In humans, the brain to body weight ratio can vary greatly from person to person; it would be much higher in an underweight person than an overweight person, and higher in infants than adults. The same problem is encountered when dealing with marine mammals, which may have considerable body fat masses. Some researchers therefore prefer lean body weight to brain mass as a better predictor.[21]

See also[edit]


  1. ^ "Development of Intelligence". Archived from the original on 2014-12-31. Retrieved 2011-05-12.
  2. ^ Cairό, O (2011). "External measures of cognition". Front Hum Neurosci. 5: 108. doi:10.3389/fnhum.2011.00108. PMC 3207484. PMID 22065955.
  3. ^ Fine, M. L.; Horn, M. H.; Cox, B. (1987-03-23). "Acanthonus armatus, a Deep-Sea Teleost Fish with a Minute Brain and Large Ears". Proceedings of the Royal Society of London B: Biological Sciences. 230 (1259): 257–265. Bibcode:1987RSPSB.230..257F. doi:10.1098/rspb.1987.0018. ISSN 0962-8452. PMID 2884671. S2CID 19183523.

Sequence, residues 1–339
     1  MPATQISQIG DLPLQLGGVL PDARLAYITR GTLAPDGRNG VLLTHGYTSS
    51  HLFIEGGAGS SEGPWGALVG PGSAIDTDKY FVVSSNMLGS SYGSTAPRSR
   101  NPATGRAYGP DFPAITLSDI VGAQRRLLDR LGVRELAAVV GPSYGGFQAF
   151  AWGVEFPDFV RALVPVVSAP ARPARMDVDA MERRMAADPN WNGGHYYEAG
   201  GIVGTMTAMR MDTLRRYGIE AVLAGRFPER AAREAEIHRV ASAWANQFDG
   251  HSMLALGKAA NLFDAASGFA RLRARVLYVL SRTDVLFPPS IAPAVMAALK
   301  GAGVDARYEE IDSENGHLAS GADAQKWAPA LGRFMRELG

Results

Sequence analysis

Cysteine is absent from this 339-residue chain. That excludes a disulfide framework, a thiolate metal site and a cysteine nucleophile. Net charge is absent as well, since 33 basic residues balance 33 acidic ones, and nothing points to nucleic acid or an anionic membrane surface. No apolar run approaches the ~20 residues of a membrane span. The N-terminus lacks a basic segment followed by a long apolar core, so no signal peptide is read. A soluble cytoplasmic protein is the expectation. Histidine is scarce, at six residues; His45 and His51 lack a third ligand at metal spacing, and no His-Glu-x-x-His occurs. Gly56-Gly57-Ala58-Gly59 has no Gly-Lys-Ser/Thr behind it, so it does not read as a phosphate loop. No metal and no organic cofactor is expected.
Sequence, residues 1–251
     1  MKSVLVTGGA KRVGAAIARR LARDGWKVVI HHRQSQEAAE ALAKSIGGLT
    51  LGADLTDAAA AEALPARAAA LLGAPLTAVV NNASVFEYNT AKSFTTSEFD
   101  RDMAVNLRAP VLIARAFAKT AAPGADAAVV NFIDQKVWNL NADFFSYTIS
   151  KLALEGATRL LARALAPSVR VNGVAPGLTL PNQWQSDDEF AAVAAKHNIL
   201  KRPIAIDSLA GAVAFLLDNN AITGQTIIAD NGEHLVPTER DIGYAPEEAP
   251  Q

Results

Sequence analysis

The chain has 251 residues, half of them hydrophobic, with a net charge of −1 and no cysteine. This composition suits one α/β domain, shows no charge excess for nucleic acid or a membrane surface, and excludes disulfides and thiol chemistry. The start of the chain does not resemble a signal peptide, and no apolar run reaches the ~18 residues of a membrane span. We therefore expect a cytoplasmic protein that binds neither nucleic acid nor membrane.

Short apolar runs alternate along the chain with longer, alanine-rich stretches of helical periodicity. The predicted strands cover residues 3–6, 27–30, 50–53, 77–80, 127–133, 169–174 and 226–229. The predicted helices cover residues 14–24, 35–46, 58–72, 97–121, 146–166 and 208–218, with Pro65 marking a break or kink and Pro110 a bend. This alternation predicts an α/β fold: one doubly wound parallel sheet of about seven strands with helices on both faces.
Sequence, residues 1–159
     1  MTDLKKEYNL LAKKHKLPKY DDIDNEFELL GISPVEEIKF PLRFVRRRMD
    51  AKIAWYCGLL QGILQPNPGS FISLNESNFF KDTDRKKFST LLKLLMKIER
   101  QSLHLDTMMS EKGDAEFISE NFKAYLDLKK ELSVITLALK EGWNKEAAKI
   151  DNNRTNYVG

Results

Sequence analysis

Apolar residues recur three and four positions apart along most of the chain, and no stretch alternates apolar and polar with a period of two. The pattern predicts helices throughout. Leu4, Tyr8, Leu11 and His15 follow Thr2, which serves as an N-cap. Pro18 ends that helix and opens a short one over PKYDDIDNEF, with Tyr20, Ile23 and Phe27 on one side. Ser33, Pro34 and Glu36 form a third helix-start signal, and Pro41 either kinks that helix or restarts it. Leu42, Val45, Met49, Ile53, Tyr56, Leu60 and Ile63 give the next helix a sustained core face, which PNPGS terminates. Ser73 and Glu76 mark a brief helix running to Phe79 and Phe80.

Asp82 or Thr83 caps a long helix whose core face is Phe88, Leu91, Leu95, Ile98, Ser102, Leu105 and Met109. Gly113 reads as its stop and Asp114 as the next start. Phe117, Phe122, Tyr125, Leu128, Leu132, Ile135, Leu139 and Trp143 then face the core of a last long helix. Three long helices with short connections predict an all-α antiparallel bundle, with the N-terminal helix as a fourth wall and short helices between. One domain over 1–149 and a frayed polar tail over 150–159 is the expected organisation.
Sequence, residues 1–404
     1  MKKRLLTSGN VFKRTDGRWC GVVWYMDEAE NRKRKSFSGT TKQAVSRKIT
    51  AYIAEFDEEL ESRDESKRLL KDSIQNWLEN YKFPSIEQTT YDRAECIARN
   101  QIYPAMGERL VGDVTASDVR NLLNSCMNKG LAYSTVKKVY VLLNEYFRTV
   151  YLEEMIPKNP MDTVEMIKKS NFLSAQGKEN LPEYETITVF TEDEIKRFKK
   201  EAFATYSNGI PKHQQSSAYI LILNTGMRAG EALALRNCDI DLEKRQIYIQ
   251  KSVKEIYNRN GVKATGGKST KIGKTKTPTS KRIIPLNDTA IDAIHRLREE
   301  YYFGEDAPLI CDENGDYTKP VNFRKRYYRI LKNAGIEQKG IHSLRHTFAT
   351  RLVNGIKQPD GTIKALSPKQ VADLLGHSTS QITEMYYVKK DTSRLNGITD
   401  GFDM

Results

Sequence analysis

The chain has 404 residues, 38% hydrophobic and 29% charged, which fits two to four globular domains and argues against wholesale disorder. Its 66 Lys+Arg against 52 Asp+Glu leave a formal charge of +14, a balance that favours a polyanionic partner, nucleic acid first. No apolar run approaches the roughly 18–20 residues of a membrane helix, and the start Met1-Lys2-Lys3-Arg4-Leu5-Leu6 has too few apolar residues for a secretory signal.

4. ^ a b c d "Brain and Body Size... and Intelligence". 2003-03-07. Retrieved 2019-02-24.
  5. ^ Hart, B. L.; Hart, L. A.; McCoy, M.; Sarath, C. R. (November 2001). "Cognitive behaviour in Asian elephants: use and modification of branches for fly switching". Animal Behaviour. 62 (5): 839–847. doi:10.1006/anbe.2001.1815. S2CID 53184282.
  6. ^ "Cortical Folding and Intelligence". Retrieved 2008-09-15.
  7. ^ Haier, R.J.; Jung, R.E.; Yeo, R.C.; Head, K.; Alkired, M.T. (2004). "Structural brain variation and general intelligence". NeuroImage. 23 (1): 425–433. doi:10.1016/j.neuroimage.2004.04.025. PMID 15325390. S2CID 29426973.